LUMO Architects designed these cabins to serve as shelters and stopping points for nature lovers heading to the Danish islands of Skarø, Drejø, Brikholm and Ærø in the South Fyn Archipelago. 50 of the black timber clad shelters were erected throughout the region, at 19 individual sites that are carefully arranged so as to plot a route for potential visitors, and to discourage trekkers from venturing into vulnerable areas.
The multiple shelter formats all bear a strikingly similar design aesthetic of black-stained wood shingle cladding and small circular windows which seem to be dotted at random across their facades. The angular and somewhat irregular forms of the cabins blend in with the raw landscape by resembling rocky outcrops.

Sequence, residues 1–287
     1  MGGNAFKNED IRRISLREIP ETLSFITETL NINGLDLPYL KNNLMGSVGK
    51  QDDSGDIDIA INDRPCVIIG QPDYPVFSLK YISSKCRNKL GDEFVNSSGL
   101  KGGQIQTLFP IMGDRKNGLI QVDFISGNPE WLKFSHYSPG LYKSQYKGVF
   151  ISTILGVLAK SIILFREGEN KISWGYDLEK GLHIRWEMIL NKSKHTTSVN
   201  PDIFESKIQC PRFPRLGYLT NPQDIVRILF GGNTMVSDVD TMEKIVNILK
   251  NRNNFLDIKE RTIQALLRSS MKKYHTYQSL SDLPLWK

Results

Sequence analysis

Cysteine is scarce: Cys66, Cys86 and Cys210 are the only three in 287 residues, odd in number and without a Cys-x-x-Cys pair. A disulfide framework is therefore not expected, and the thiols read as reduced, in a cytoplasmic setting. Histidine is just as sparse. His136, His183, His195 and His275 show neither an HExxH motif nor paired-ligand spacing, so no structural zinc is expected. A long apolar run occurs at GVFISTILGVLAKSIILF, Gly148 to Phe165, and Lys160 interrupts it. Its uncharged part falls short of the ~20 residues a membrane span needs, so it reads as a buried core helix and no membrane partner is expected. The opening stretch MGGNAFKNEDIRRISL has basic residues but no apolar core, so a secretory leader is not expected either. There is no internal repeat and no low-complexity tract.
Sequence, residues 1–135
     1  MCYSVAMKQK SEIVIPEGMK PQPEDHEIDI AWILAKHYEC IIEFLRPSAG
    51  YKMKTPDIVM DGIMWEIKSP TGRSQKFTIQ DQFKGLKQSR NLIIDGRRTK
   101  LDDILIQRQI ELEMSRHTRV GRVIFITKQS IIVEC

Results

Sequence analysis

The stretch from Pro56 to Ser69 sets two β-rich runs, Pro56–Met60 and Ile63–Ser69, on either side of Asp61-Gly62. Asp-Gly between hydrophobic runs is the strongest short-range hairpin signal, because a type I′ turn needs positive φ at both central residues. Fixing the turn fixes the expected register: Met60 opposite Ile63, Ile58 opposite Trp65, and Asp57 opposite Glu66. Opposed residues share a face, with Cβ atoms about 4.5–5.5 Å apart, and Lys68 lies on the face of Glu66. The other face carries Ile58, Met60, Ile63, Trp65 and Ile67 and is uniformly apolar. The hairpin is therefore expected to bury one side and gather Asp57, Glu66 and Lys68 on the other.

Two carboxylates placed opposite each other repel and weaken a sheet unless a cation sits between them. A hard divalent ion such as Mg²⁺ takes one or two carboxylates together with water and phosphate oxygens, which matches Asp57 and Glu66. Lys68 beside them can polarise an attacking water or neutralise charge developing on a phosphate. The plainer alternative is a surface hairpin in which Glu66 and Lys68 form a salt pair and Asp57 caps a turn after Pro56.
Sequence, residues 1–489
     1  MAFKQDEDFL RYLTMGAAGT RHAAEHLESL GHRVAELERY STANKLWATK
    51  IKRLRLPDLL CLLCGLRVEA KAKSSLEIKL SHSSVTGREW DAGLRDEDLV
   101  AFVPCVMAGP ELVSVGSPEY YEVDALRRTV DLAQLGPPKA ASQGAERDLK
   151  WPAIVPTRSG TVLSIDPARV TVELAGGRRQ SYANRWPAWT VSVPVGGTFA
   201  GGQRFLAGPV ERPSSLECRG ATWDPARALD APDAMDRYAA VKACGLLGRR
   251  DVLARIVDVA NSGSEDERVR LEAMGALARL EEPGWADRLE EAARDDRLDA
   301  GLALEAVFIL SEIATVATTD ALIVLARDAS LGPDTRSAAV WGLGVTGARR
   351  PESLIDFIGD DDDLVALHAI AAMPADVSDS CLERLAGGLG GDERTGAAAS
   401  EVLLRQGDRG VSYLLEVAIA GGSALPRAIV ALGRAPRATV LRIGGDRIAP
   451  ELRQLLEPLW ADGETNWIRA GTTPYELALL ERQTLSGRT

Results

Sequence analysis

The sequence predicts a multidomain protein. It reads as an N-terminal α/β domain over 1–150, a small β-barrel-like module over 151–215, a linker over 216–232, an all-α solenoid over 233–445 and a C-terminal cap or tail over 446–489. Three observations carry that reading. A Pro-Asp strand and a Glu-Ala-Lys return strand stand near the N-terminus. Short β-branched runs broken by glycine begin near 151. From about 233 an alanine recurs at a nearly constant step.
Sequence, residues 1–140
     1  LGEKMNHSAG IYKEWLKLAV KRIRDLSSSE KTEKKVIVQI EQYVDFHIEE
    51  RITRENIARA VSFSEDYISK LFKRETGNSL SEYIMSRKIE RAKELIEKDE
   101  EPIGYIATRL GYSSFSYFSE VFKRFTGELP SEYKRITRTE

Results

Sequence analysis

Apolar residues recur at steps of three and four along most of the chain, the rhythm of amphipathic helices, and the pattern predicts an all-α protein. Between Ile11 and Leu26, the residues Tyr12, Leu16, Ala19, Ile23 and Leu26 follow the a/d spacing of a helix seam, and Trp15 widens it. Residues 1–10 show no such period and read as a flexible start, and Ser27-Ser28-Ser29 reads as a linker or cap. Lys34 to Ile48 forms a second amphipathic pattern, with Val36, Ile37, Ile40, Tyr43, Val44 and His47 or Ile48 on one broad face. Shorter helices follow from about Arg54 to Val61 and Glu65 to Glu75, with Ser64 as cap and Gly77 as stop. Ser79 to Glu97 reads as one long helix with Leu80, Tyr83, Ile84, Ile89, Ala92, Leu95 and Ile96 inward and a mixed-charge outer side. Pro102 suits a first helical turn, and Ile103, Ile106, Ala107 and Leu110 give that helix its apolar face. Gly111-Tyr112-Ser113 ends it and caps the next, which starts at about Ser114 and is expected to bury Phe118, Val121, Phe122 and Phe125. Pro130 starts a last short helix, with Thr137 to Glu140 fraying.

The designers at LUMO Architects created a total of five different models of cabins with varying shapes, sizes, and intended usages. A three-storey high structure houses a bird-watching terrace at its peak, while a range of smaller cabins capable of accommodating seven, five and two guests also feature at certain sites. A picnic cabin and a small lavatory were also designed for the project to accompany the shelters.
Different cabin modules were carefully selected for different sites to blend with the landscape. For example the taller cabins are to be found nestled amongst trees while the low-profile 2-person shelters are situated by the seashore.
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